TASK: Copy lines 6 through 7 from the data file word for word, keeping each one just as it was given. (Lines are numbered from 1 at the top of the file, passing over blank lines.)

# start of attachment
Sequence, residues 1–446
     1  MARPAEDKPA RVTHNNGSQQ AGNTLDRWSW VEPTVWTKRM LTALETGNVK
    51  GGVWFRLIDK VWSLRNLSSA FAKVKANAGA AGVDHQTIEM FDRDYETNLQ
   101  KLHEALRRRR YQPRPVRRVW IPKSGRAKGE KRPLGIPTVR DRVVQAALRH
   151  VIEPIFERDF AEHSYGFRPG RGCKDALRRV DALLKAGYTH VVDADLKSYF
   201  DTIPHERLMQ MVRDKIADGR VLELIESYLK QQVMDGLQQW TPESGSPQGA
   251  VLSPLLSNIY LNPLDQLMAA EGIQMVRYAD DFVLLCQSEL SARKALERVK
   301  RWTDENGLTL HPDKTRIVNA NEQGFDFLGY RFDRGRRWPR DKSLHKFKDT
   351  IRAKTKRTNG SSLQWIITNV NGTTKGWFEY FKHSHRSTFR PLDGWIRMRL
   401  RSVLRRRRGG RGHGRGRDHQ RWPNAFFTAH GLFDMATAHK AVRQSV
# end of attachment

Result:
   201  DTIPHERLMQ MVRDKIADGR VLELIESYLK QQVMDGLQQW TPESGSPQGA
   251  VLSPLLSNIY LNPLDQLMAA EGIQMVRYAD DFVLLCQSEL SARKALERVK